The price of plastic

We’ve called for a ban on exporting plastic waste by the end of 2027, but how can the UK hit that goal?

Published 28 November 2022

Published 28 November 2022

Our Inquiry

Plastic is a versatile, lightweight and durable material that plays a role in nearly every aspect of our lives. It protects our food, delivers our healthcare and is a major part of even our built environment. As a result, plastic production has increased 200-fold since the 1950s. The world now produces an estimated 380 million tons of plastic every year and this is predicted to only continue growing. Much of this plastic is single use, which leads to vast amounts of it going to waste.  

Recent estimates suggest that the UK exports around 60% of its plastic waste. Historically, China was the recipient of the most global plastic waste, but since they introduced strict new import rules in 2018, Turkey has become the most common destination for the UK’s plastic.  

In July 2021, we launched an inquiry into plastic waste. We learnt that the UK has a serious problem with waste crime, at an estimated cost to the economy of around £1 billion. We also heard how illegal and fraudulent export practices are contributing to a variety of economic, social and health impacts on destination countries. Toxic chemicals resulting from the illegal dumping and burning of plastic waste have been linked to various health problems including:

  • cancer
  • liver disease
  • skin lesions
  • abnormal foetus development.

We’re calling for the Government to put a ban on these exports in five years’ time.  

“We know that Turkey’s soil, air and water are bearing witness to the environmental and human health costs of Europe’s plastic waste exports. … All the five sites that we collected samples from, like ash, soil, water, sediment and shredded plastics, were contaminated with hazardous chemicals.”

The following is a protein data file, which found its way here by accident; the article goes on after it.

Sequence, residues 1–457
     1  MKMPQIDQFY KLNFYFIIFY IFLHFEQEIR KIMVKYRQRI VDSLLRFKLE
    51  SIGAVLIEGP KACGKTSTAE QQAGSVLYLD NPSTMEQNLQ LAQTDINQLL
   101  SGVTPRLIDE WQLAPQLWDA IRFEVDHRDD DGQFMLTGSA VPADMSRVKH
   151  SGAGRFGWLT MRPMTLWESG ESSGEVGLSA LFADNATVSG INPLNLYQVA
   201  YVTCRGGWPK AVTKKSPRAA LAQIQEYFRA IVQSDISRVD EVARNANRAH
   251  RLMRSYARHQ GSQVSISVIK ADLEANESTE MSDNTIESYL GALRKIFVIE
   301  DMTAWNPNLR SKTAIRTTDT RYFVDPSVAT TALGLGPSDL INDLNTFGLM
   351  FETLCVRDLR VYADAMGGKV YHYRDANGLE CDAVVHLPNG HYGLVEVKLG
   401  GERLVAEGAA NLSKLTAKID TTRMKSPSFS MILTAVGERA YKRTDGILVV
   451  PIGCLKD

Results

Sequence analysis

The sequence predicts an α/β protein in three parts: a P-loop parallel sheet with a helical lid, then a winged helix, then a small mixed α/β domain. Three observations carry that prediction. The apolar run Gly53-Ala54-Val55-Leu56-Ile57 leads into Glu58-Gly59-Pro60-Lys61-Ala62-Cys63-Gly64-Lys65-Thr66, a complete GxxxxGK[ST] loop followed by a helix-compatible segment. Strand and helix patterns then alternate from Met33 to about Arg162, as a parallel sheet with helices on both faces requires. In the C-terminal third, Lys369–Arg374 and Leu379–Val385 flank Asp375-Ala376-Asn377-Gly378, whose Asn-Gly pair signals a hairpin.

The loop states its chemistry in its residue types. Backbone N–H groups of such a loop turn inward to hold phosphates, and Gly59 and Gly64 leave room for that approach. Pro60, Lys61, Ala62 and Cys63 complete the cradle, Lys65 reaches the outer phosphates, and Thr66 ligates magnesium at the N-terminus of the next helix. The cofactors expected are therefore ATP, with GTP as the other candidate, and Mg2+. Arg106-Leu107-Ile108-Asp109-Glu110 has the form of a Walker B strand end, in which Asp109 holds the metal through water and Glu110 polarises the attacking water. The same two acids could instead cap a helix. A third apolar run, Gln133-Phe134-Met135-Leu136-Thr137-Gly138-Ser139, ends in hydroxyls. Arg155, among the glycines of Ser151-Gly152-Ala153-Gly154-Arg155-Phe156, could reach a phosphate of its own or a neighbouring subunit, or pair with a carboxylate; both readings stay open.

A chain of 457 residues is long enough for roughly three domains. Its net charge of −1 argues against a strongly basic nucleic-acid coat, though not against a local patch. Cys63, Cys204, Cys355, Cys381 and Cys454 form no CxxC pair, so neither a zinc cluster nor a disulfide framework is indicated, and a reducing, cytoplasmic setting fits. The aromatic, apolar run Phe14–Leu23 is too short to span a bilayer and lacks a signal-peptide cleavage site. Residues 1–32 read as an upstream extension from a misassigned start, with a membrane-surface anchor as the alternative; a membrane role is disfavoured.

Nihan Temiz Ataş, Biodiversity Project Lead, Greenpeace Mediterranean.

Why do we export plastic?

Domestic capacity

One reason the UK exports so much of its waste is that we don’t have the domestic capacity to process the vast amounts of plastic we are using. While estimates vary, we heard that we may need to double domestic facilities to meet recycling targets over the coming years. This will require substantial investment from the waste management sector, but we heard that returns on investments for recycling infrastructure are too volatile to encourage financial backers.  

“That dream to come back to our manufacturing roots really should be about remanufacturing. How do we retain the materials here? We invest in the right infrastructure, from the simplest mechanical recycling, up to complex chemical recycling systems. That infrastructure unlocks change.”
Professor Michael Shaver, Director, Sustainable Materials Innovation Hub


Another reason we export so much plastic is that is cheaper and more convenient to do so than to process it domestically. Producers are required to pay towards some of the costs of processing waste, but it is still more expensive to recycle plastic domestically than it is to export it. There are also rules as to the types of plastics the UK can send abroad for processing, but we found that the checks on what was being exported were not rigorous enough; our witnesses estimated that only 5-10% of their shipments were inspected by the Environmental Agency.

Licences are too easy to obtain and sanctions for not following the rules are not robust enough and far too small compared to the illegal profits that can be made.

“It has been far too easy for criminals to just get a[n export] licence. We had a consultant who registered their dead dog as a waste carrier in 2017 … This loophole is so weak … You have to have higher penalties as a deterrent to stop them coming in.”
Jacob Hayler, Executive Director of the Environmental Services Association

How can we support an export ban?

Building capacity

The UK will not be able to stop exporting its plastic until it has enough facilities of its own to process it. In 2020, we had the capacity to recycle 750,000 tonnes of plastic, around 50% of the material that we are using, but there are ways to grow this.